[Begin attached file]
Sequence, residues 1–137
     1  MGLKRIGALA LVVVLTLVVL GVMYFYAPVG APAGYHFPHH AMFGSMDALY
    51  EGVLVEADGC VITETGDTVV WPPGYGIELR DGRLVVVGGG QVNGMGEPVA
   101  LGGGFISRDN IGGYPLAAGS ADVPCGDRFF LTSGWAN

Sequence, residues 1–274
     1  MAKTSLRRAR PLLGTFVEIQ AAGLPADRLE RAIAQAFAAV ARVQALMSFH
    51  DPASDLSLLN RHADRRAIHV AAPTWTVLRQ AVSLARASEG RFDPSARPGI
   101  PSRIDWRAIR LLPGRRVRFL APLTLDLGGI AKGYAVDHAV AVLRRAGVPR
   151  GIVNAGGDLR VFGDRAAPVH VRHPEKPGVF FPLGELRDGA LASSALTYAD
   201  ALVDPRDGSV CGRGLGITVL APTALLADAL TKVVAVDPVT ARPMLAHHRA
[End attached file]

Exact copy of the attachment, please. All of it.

Sequence, residues 1–137
     1  MGLKRIGALA LVVVLTLVVL GVMYFYAPVG APAGYHFPHH AMFGSMDALY
    51  EGVLVEADGC VITETGDTVV WPPGYGIELR DGRLVVVGGG QVNGMGEPVA
   101  LGGGFISRDN IGGYPLAAGS ADVPCGDRFF LTSGWAN

Sequence, residues 1–274
     1  MAKTSLRRAR PLLGTFVEIQ AAGLPADRLE RAIAQAFAAV ARVQALMSFH
    51  DPASDLSLLN RHADRRAIHV AAPTWTVLRQ AVSLARASEG RFDPSARPGI
   101  PSRIDWRAIR LLPGRRVRFL APLTLDLGGI AKGYAVDHAV AVLRRAGVPR
   151  GIVNAGGDLR VFGDRAAPVH VRHPEKPGVF FPLGELRDGA LASSALTYAD
   201  ALVDPRDGSV CGRGLGITVL APTALLADAL TKVVAVDPVT ARPMLAHHRA